Incoming: Anita from São Paulo State University (UNESP), Brazil
Anita Bueno-Tavares is a Bachelor student studying law at São Paulo State University (UNESP, Brazil). She arrived at the University of Bordeaux in January 2021, and is carrying out her mobility experience until the end of the first semester of 2021-2022 (January 2022).
- Why did you choose to carry out part of your studies at the University of Bordeaux?
- What are the main differences you have identified between studying in France and Brazil?
- What are your expectations and objectives for your mobility experience?
- What have you learnt from this international experience?
Why did you choose to carry out part of your studies at the University of Bordeaux?
I have always wanted to study in France. When preparing for my mobility experience, I read up a lot about French universities and decided that the University of Bordeaux (a partner institution of my home university) was the most interesting option for me. This long-standing, traditional university is highly renowned in France and the world, and welcomes many international students. The city of Bordeaux is world-famous, located in a beautiful and diverse region - it is a wine-producing area close to the ocean and the mountains - and I can confirm that it lives up to its great reputation. In Brazil for instance, I think Bordeaux is the best-known city in France after Paris, thanks to its wine production.
What are the main differences you have identified between studying in France and Brazil?
There are many differences in terms of studies between Brazil and France. In Brazil, there are no seminars, all subjects are taught via lectures which take place in the morning or evening, whereas in France, lectures are delivered throughout the day. In Brazil, each lecturer defines his/her own assignments, in addition to fixing one or two exams each semester. There is no methodology for exams, only for assignments. My conclusion is that studies in France are more methodological, organized, and standardized, whereas in Brazil, lecturers have more freedom to define their way of teaching and assessing.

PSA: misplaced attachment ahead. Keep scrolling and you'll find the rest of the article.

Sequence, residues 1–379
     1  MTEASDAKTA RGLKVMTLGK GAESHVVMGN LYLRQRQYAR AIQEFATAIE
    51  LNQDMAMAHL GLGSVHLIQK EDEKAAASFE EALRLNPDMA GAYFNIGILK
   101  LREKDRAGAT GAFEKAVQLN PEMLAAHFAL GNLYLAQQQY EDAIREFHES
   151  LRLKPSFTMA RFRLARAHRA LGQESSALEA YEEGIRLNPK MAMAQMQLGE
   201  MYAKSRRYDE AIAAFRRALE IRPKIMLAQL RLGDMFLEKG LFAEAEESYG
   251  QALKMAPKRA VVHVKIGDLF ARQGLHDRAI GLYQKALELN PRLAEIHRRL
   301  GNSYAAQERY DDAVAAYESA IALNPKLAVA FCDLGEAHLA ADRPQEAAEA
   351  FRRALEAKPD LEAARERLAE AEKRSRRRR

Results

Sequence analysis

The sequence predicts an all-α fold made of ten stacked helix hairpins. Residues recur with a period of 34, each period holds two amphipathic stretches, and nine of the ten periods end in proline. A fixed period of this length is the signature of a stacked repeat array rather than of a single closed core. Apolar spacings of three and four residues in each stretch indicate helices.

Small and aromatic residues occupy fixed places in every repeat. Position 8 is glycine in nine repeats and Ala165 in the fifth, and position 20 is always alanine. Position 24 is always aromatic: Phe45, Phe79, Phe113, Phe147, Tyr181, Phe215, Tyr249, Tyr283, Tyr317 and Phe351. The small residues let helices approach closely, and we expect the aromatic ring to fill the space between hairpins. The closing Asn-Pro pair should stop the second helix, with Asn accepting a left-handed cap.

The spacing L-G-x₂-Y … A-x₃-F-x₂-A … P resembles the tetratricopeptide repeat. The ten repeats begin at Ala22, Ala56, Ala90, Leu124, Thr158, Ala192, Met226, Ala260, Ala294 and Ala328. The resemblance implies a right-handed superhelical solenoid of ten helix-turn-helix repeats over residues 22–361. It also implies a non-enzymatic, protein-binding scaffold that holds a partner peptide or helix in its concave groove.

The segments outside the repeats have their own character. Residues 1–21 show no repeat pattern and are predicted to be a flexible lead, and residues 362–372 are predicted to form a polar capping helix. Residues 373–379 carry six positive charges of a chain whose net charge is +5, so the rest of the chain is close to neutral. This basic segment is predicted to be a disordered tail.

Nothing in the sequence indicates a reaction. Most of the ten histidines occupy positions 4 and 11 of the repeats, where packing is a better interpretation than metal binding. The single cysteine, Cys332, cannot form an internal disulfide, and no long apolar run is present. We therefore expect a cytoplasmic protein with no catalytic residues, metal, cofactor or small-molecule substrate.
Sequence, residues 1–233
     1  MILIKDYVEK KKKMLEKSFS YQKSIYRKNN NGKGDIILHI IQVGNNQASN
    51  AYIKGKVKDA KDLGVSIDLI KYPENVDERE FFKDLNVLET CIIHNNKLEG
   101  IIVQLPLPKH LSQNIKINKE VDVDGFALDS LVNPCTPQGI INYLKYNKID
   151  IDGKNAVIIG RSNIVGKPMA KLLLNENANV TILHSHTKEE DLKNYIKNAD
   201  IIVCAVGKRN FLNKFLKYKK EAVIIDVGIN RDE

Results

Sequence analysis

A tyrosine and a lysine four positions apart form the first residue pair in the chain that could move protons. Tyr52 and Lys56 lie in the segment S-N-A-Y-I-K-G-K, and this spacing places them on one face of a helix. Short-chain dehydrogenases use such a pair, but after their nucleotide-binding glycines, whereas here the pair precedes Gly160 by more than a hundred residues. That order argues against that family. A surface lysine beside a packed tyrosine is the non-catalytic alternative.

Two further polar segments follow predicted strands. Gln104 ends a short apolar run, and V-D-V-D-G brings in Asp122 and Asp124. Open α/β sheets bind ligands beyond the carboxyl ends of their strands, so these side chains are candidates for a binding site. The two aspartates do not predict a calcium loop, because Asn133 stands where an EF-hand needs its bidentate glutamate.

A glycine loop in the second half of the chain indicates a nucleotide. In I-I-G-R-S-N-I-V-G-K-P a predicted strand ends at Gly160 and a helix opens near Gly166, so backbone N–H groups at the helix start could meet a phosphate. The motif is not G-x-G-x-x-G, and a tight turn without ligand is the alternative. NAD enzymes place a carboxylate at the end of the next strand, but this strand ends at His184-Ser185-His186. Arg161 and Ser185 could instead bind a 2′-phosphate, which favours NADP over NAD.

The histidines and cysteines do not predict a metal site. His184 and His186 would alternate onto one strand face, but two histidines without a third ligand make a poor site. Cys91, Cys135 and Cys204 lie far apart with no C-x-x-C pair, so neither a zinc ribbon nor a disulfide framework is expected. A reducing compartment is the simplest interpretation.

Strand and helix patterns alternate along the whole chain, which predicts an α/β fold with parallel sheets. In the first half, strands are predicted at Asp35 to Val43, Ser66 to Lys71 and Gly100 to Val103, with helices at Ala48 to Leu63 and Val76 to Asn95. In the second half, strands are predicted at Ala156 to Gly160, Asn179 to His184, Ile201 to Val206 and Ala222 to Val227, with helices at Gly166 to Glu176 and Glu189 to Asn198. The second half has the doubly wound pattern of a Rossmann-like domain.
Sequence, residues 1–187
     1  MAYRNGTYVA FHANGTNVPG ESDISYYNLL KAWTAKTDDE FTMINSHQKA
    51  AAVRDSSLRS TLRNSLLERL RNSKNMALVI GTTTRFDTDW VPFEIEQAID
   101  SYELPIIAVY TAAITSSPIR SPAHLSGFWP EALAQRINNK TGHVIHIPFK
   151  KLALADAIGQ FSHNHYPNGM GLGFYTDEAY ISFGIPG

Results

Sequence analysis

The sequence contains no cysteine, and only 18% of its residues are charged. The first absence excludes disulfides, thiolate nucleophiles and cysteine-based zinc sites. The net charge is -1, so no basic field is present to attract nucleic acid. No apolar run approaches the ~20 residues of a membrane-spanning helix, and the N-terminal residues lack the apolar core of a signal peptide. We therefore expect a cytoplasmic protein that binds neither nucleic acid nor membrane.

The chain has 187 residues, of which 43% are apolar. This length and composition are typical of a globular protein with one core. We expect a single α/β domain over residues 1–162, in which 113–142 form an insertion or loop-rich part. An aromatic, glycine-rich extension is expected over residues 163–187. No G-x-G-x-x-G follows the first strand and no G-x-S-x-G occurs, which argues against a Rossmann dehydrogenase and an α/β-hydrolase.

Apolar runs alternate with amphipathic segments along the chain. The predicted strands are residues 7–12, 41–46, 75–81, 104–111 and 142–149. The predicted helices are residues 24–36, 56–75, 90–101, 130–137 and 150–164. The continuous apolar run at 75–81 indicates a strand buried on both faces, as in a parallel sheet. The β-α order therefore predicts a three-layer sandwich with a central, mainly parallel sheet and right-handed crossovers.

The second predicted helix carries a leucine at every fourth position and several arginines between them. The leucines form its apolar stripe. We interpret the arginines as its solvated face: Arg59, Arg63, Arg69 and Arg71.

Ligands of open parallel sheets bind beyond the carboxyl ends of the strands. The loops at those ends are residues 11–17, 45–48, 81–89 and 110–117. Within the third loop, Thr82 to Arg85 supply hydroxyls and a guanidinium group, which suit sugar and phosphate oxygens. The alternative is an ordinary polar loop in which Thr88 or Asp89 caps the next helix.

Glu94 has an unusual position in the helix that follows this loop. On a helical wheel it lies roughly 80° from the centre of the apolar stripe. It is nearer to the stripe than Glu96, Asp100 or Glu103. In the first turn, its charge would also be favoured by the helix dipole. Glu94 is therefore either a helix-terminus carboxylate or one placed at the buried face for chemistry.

What are your expectations and objectives for your mobility experience?
My hopes and aims for the mobility scheme have already been partially met. My main goal was to improve my level of French. In my opinion, it is one of the most beautiful languages in the world. By attending law lectures at the University, I have developed a deeper knowledge of the language and enhanced my learning of French. I also have goals linked to my personal and professional development: getting to know French culture, meeting French and international students, learning law from a different and multi-disciplinary perspective, learning to solve problems alone and independently.
What have you learnt from this international experience?
This experience is very important in my personal and professional development. I have learnt resilience, because when you move to another country, you must tackle many challenges, such as the language, learning methods, paperwork, and cultural adaptation. I have also come to believe in my potential to find solutions to my personal problems and challenges. In terms of careers, I have taken a different approach to studying law and the focus on European law has supplemented my knowledge of the subject.
Finally, I have realised that the world is a very varied place and that everyone should try and adapt to different environments to learn to become a more flexible and understanding person in terms of the difficulties that you can come across in life.